Updated: Nov 14, 2018
Your house is often your biggest and most prized asset.
You spend most of your time here, building memories, collecting experiences and mementos. Couple this ideal with the cost and complication of finding and paying for residential care, it’s no wonder that when AARP conducted a study, 71% of adults between 50-64 were leaning towards aging in place (87% over 65 were planning to age in place). *
It’s time to talk about the realities of this...
1. It's not all going to be about you.
This is the biggest thing to consider. As you age you will need someone helping and caring for you. Will your partner be able to do this? Do you have anyone to rely on in the area? Maybe your kids live too far away, and they end up constantly sick with worry.
Technology is creating new and innovative ideas to release some of the burden and concern, but it’s quite often this stuff that emotionally unravels families. The kids have trouble telling you they are scared for your safety, or one child takes on all the responsibility and resentment unfolds.
Have a family meeting and plan for the various levels of care you are going to need now and in the future.
2. The level of help will vary.
It’s going to start out simple, and for the most part manageable. It might start out with hiring a landscaper, or someone to shovel the driveway. Then it advances to not being able to reach a certain light bulb and change it without throwing out your back or dining out 24/7 because the concept of cooking is exhausting. Then, maybe you reach the point where driving feels a bit uncomfortable.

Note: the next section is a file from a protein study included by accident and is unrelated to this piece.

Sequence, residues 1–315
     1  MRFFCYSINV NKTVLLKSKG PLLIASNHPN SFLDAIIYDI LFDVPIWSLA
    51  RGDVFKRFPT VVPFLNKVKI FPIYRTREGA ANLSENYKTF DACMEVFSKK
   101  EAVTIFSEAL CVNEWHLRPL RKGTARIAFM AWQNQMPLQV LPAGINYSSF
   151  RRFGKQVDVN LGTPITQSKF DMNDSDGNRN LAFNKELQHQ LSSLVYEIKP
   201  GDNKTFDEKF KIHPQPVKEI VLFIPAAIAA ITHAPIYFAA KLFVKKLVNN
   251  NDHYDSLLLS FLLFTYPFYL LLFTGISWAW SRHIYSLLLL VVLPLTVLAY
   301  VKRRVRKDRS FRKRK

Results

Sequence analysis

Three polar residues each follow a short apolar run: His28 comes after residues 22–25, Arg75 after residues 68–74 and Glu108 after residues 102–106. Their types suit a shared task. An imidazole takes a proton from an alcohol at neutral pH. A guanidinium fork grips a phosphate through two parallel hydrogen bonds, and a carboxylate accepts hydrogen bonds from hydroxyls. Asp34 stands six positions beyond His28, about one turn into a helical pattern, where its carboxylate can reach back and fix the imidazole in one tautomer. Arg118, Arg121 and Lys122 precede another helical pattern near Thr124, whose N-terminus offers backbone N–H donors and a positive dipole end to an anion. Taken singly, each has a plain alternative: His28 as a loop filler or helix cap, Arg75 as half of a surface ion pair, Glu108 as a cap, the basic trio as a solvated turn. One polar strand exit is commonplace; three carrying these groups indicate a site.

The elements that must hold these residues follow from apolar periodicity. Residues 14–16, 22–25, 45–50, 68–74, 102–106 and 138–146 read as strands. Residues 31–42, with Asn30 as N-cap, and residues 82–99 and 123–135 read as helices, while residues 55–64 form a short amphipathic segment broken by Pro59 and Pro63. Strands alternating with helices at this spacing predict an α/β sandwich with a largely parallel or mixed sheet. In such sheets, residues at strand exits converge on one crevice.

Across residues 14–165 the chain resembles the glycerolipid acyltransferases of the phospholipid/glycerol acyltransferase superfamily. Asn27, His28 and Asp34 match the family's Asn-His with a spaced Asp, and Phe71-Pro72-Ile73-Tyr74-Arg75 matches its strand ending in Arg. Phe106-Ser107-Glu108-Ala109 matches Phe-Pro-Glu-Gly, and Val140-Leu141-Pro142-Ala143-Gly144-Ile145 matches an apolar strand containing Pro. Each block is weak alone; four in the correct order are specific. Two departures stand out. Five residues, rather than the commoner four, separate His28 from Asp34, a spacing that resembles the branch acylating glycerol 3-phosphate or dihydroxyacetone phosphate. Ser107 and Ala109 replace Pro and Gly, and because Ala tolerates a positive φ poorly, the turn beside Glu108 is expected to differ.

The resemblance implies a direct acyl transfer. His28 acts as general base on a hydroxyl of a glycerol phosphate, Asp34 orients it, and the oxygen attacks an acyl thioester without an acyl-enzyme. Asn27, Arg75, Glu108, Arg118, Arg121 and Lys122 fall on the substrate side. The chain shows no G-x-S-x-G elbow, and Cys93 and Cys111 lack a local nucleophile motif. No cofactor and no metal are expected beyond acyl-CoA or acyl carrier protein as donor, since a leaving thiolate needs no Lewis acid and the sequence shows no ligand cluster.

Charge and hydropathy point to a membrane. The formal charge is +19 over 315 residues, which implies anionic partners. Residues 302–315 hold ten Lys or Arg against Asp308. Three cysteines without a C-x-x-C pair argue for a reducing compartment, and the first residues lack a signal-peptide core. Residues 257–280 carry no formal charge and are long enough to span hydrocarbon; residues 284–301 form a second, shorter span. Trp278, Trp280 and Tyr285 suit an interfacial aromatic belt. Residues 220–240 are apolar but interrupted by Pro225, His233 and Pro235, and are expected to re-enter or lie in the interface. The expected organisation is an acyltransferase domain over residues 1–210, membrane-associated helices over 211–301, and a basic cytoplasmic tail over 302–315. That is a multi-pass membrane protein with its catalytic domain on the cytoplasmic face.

It happens in phases. In each phase you are going to have to admit to yourself that you need the help- which can be part of the problem. Identifying this stuff beforehand, lining up your options and letting the ego aside may possibly prevent figuring it out the hard way. Know the types of care you will need as you age in place.
3. The level of cost will vary.
There are some things you can’t determine- like the actual level of care you will end up needing. However, there are some things that you can plan for, like the amount of money it will cost to make your home fit your aging needs.
Either way, you need to plan with the contingency that you may possibly need the highest level of care. Otherwise, well you are out of luck. You won’t get the things you need, you won’t be comfortable.
Incorporating your vision to age at home is vital to your financial planning strategy… even if you’ve purchased a long-term care policy- do you understand what this covers? Does it have home health?
4. You can’t let the plan be made for you.
Meaning- things are going to need to be done, and decisions will need to be made even if you aren’t making them. Failure to plan is the equivalent of turning over your plans to your family, or the government.
Know all the things you must consider when it comes to aging in place. Home health providers, services, care options. Make an informed decision that suits you, instead of, well- doing nothing. You don’t want to THINK you want to age in place, only to find out the living situation you WOULD have preferred is now unaffordable.
Housing and care for later in life is CONFUSING. Especially if you are new to it, and haven’t ever had to make these choices for a loved one. Even if you are familiar, there are huge differences among the same type of facility, and no one care manager is the same. Visit our planning for housing seminar and resources to learn how to navigate this, and plan with purpose for your family.
*Source: AARP PPI, "What is Livable? Community Preferences of Older Adults," April 2014 (most recent study)